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Ljubljana, Slovenia

Bizjak K.F.,ZAG Ljubljana | Dawson A.,University of Nottingham | Hoff I.,Norwegian University of Science and Technology | Makkonen L.,VTT Technical Research Center of Finland | And 2 more authors.
Proceedings of the Institution of Civil Engineers: Transport | Year: 2014

Anticipated climate changes in Europe over the next 100 years were estimated using two different scenarios of carbon dioxide emissions and two computational approaches. The principal manifestations of climate change within the European region are predicted to be a rise in temperature, an increase in rainfall intensity in most areas and a decrease in freeze–thaw cycling. The impacts of such possible climate changes were then estimated for pavements and the pavement-related infrastructure. It should be noted that the life cycle of pavements is much shorter than the time span over which climate change might have a statistically significant influence on pavement performance. Several analytical and numerical analyses were performed in order to simulate the effect of future climate change, taking into account the fact that the effect of these changes on pavements structures will depend on local conditions. In particular, temperature and rainfall increase will be a challenge for asphalts, as both rutting and stripping of asphalt layers can be expected. In countries where roads are presently frequently frozen in winter, the length of this period of freezing will be reduced. For this reason, many thin and unsealed pavements will need to be upgraded if high bearing capacity is to be maintained. In coastal and low-lying areas raised water tables may occur due to areas where flood waters may collect, or due to raised sea levels. For most applications, appropriate responses to these changes in pavement performance will be achievable through the use of new design criteria with regard to temperature and the return period of storm flows.More attention needs to be paid to drainage systems, which should be self-cleaning and easy to inspect. © 2014, Thomas Telford Services Ltd. All rights reserved. Source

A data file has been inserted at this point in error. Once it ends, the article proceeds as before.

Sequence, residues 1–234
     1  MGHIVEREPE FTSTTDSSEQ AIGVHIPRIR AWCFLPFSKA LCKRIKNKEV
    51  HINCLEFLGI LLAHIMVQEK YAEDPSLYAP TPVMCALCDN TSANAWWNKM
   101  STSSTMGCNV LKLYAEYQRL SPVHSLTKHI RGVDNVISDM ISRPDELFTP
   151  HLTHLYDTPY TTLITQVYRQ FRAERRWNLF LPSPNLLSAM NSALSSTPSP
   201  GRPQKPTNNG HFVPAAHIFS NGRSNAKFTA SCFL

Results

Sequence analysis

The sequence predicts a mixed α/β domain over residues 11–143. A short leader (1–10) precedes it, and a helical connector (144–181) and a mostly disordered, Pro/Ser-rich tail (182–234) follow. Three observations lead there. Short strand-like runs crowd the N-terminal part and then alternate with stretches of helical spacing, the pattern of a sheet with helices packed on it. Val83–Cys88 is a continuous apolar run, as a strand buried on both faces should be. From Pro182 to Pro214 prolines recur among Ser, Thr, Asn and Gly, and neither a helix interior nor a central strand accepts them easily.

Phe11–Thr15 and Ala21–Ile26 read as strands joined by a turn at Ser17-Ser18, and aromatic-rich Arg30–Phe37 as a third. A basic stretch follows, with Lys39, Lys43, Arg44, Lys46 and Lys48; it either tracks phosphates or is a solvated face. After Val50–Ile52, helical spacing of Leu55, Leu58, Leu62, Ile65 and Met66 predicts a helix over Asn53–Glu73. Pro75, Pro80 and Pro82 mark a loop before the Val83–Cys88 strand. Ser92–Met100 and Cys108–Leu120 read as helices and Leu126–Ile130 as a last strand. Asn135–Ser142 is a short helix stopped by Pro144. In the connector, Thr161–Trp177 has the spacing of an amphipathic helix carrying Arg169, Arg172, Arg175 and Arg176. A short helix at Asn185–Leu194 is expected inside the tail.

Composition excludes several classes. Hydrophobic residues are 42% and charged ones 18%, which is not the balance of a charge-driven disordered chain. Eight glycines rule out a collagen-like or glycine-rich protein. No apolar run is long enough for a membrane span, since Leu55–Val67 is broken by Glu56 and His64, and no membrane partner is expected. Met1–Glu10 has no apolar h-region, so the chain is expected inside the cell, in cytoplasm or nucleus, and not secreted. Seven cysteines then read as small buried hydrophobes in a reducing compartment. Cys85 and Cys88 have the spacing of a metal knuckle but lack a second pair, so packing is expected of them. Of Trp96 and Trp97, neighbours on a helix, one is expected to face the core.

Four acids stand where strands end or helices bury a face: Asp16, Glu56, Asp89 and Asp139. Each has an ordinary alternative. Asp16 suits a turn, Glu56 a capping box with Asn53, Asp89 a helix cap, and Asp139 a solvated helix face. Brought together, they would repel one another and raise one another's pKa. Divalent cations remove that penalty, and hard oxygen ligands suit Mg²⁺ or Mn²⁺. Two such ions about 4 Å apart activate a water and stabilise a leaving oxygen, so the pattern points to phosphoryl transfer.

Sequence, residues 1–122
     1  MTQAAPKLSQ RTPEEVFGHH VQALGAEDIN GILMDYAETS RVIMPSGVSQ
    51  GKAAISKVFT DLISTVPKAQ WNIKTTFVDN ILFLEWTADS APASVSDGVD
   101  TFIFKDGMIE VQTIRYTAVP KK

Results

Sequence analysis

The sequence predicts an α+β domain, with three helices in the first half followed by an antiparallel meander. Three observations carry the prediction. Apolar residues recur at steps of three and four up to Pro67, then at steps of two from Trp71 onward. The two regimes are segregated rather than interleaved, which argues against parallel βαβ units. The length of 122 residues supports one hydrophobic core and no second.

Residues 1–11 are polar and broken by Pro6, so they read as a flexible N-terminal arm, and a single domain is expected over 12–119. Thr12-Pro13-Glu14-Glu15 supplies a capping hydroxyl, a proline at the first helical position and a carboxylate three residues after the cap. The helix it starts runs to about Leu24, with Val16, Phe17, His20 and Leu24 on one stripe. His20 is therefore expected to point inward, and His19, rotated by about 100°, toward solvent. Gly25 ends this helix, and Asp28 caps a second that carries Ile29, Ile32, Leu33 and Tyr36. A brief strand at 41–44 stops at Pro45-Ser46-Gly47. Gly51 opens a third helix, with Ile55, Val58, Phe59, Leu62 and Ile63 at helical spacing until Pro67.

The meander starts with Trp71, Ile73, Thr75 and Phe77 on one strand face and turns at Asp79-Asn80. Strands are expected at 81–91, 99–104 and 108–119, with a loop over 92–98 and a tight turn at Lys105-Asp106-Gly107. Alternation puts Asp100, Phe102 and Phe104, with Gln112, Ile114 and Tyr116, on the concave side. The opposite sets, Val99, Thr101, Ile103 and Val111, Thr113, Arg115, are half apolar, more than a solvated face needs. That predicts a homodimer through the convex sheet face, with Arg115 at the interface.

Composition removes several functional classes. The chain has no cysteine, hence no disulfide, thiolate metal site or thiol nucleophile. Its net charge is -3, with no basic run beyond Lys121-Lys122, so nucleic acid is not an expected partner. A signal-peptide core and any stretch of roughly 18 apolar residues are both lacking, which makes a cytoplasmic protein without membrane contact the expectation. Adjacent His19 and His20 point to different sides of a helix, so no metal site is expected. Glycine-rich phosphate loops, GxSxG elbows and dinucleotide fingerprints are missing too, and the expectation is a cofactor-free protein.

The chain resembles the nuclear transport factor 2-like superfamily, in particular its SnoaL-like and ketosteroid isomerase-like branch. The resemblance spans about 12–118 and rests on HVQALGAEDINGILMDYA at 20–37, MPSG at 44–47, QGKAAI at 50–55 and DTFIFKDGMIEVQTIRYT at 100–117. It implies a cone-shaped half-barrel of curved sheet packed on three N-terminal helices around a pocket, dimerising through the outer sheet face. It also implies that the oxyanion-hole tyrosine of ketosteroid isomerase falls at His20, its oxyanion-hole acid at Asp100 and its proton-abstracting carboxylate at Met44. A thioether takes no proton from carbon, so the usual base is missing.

Tusar M.,Kemijski Institute Ljubljana | Turk M.R.,ZAG Ljubljana
Gradjevinar | Year: 2015

A full-scale accelerated structural load test was performed in the scope of field trials conducted to investigate the effect of various strengthening actions on weak pavements. The asphalt layer thickness varied from 6.5 cm to 13.6 cm. The results of deformations applied on test structures are presented in the paper. The loading of each test structure lasted for approximately 2 weeks. Clear dependence between the depth of permanent deformation and thickness of asphalt layers was established on thin pavement structures only. © 2015, Union of Croatian Civil Engineers and Technicians. All rights reserved. Source

Radeka M.,University of Novi Sad | Ranogajec J.,University ofNoviSad | Marinkovic-Neducm R.,University ofNoviSad | Ducman V.,ZAG Ljubljana | Skapin A.S.,ZAG Ljubljana
Industrial Ceramics | Year: 2010